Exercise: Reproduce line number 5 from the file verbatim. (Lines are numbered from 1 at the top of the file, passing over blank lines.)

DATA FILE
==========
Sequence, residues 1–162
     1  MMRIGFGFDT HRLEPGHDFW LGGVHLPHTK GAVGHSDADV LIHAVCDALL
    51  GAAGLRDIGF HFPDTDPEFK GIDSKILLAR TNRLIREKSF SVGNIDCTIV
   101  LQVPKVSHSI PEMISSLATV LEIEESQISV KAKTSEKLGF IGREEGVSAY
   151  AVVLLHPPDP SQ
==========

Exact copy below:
   151  AVVLLHPPDP SQ